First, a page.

Archive for the ‘holidays’ Category

Who’s this?

Someone poised for a long postal journey to California . . .

Bearing a little heart and a message.  He even has a matching card!

(He’s an owl, by the way; even though I know he looks kind of like a penguin with ears.  I misjudged the shape of the face this time heh).  I was originally going to send my new little friend off with a packet of cookies, but snow prevented me from getting to the grocery store on time that week, so my messenger went solo (well, except for his card).  He’s made from a singleton, felted wool sock, acrylic craft felt, and stuffed with fabric scraps (including much of the rest of the sock) and rice in the butt to keep him sitting upright.  I say “him” but I guess it could really be a “her,” too.  I left the gender up to D to decide upon receipt.  I’m pleased with my handiwork, though I could definitely have done a better job with making him look more like an owl. Thankfully the card looked a little more recognizably like an owl than the original; D did say he was a bit confused at first, but the reference drawing and verbal hints inside helped! [Update: D has informed me that the owl is a boy, and that his name is “Glimfeather,” after the owl who helped Eustace and Jill in The Silver Chair].

And look what I received in return! (Well, actually, his gift arrived first)

Orchids, D told me, not just for Valentine’s Day, but also for Chinese New Year’s day, which coincided with Valentine’s this year.  I loved that he thought to send me something a little different than the standard roses.  The orchids were beautiful and delicate and are only just now (a week later) beginning to droop.  Speaking of Chinese New Year, since I always like to do a little something for my girl friends on Valentine’s Day, this year I made my roommates hybrid valentine-hong bao cards that consisted of little yellow cards with tigers on them inside little handmade red paper envelopes, and served them up with a big New Year’s dinner of dumplings and fried noodles.  I eventually wrote their names on the origami hearts, but that wasn’t until after I’d already taken the picture:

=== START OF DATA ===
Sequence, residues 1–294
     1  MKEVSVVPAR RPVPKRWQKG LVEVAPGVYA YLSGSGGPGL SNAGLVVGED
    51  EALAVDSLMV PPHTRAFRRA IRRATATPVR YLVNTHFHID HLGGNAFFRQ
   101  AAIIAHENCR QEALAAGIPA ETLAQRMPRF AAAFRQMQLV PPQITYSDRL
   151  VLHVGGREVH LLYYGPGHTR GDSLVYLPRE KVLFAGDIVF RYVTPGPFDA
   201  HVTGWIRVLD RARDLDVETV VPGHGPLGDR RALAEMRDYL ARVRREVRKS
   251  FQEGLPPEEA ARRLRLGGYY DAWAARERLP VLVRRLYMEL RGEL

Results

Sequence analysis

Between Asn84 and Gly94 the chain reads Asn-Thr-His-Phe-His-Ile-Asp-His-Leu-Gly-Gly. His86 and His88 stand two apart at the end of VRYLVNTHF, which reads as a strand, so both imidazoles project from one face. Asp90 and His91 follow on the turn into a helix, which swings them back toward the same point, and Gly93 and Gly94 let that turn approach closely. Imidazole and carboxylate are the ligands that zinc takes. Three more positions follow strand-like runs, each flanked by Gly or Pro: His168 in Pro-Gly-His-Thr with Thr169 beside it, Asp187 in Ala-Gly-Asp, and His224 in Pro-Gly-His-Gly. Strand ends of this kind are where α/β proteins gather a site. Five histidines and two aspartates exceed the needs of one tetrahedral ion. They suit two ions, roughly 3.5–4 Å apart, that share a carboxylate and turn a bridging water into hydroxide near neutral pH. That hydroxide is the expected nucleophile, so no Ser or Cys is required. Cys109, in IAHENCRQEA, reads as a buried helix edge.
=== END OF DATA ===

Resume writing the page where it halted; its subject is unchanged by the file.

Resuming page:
Last but not least, a little Wonderland whimsy; one of my classmates’ birthdays is on the 14th of February, so someone hosted a Wonderland-themed tea party for her.  I went dressed as the white rabbit (unfortunately I haven’t got a picture of my costume but I was pretty proud of it, since — with the exception of paper ears, white gloves, and a felt heart pin — I put it together almost entirely from things that were already in my closet), and brought the birthday girl (whom they dressed up as Alice) a little corsage of white paper roses painted red:

Unfortunately, the stem portion proved to be a little too scratchy and the curling ribbon would not hold the heavy corsage fast to her wrist.  If I were to attempt this craft again, I think I’d use fabric (jersey from old t-shirts for the roses, perhaps, felt for the leaves, and satin ribbon for the tie) instead of stiff paper and tape!


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It’s been forever since I last posted, and the New Year has long since swooshed past. (I can’t believe it’s already the middle of January!) Nevertheless, I promised photos of the things I made at home this past Christmas, so photos it is. I didn’t have the time to do a lot of handmade gifts this year, but I made an effort to use upcycled gift wrappings or wrappings with reusable elements whenever possible. I ended up taking a lot of photos, so I’ve combined them into little mini-montages here to save space.